Alcatraz Island and the Alcatraz Tour

Alcatraz Tour Fascinates Visitors to Alcatraz Island

Aerial view of Alcatraz Island and the Golden Gate Bridge at sunset

Matteo Colombo / Getty Images

It's a former federal prison on a rocky island in the middle of the bay, steeped in legend and a popular tourist stop.

Spanish Explorer Manuel de Ayala named this barren rock in the middle of San Francisco Bay Isla de los Alcatraces (Island of the Pelicans). The island called Alcatraz has been used as a Civil War fort, a Federal prison and a symbol of Native American plight. Today, the National Park Service runs Alcatraz Island as a tourist attraction.

Tourists walk past the ruins of the Officer's Club on Alcatraz Island
Robert Alexander / Getty Images

Things to Do on Alcatraz

You can get a look at what you'll see on the Alcatraz tour by visiting the Alcatraz slideshow.

The National Park Service schedules activities to help you learn about Alcatraz Island, including lectures and special tours. The schedule board at the ferry landing gives the times. The only guided tour is the audio tour, but you can also pick up a self-guided tour book near the boat dock.

Barracks from Alcatraz Island's stint as a military base, the cell house, lighthouse, and a few others remain. Many of the Alcatraz Island prison buildings are gone. Some burned during the American Indian Alcatraz occupation in the 1960s. The guard's residences, deteriorated beyond repair, were torn down in the 1970s.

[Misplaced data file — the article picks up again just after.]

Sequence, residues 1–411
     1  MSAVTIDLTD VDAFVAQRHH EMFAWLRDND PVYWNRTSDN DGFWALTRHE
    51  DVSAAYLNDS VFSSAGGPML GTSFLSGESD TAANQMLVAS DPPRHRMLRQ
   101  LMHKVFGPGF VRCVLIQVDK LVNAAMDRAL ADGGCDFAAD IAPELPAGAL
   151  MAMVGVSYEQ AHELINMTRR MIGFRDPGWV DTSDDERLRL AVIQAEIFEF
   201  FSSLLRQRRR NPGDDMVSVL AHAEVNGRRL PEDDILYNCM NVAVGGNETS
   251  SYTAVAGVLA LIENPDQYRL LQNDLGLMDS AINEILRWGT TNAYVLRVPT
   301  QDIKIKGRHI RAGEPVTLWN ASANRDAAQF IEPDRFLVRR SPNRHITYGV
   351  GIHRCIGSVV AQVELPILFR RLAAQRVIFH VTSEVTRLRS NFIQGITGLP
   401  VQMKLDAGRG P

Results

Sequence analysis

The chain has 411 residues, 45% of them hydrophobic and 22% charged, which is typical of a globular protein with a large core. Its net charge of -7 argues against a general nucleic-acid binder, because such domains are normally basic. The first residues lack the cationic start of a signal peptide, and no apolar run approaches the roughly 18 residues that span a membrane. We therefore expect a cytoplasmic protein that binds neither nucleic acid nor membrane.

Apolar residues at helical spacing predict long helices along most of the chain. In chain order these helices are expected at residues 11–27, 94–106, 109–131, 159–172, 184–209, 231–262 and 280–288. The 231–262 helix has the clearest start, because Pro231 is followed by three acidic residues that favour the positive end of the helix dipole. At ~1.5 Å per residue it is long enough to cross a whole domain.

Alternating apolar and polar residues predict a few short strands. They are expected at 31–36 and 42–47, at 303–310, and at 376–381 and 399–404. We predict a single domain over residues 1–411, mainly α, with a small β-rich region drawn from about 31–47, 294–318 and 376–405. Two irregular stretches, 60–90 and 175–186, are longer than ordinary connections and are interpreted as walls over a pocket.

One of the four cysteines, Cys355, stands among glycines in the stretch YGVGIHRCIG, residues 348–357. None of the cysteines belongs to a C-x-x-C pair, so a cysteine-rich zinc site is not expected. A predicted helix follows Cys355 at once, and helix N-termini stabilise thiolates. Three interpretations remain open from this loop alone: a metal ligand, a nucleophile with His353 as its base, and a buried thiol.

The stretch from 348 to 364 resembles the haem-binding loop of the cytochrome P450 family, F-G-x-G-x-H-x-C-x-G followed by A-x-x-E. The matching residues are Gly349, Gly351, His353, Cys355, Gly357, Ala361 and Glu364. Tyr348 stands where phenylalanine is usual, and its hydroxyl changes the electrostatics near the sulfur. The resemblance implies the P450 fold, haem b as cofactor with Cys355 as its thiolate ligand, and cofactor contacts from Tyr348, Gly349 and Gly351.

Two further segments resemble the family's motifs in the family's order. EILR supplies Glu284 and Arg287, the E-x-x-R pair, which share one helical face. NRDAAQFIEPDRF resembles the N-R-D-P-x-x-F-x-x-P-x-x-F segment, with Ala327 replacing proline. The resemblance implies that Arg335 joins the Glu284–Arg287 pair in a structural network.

If the hospital area is open during your visit, don't miss it. It's a fascinating look at medical care during the prison's heyday.

To see two San Francisco Bay islands in one day, take the Alcatraz & Angel Island Tour which will also take you to Angel Island.

The Alcatraz ferry travels past the island
@ Didier Marti / Getty Images

Alcatraz Island Tickets

The only way to tour Alcatraz is with the company called Alcatraz Cruises, leaving from San Francisco. Other bay cruise companies can take you by, but can't stop. Find all the details and buy tickets at the Alcatraz Cruises website. Anyone else selling an Alcatraz Island tour is re-selling tickets and may charge a processing fee.

Alcatraz tour tickets sell out fast. The official brochures say tickets sell out as early as a week in advance in the summer and on holiday weekends. When checked on a July Friday, they were sold out until the following Tuesday. 

Tickets not used by hotels are released to the Alcatraz ticket booth just before it opens. Be first in line you may get a same-day tour ticket. Your hotel's concierge or front desk may have tickets. Or consider taking the Alcatraz and Angel Island tour, which doesn't fill up as fast.

The boat ride to Alcatraz takes about 15 minutes each way from San Francisco. Your tour can last as long as you like (or until the last boat leaves).

The Day Tour is the most popular. It includes round-trip transportation to the island and the audio tour.

The Night Tour includes extra activities — and is slightly more expensive. Taking it allows more time to visit other sights that close earlier, maximizing your sightseeing time. The only downside is that a few areas that are open during the day close after dark.

Get Ready to Visit Alcatraz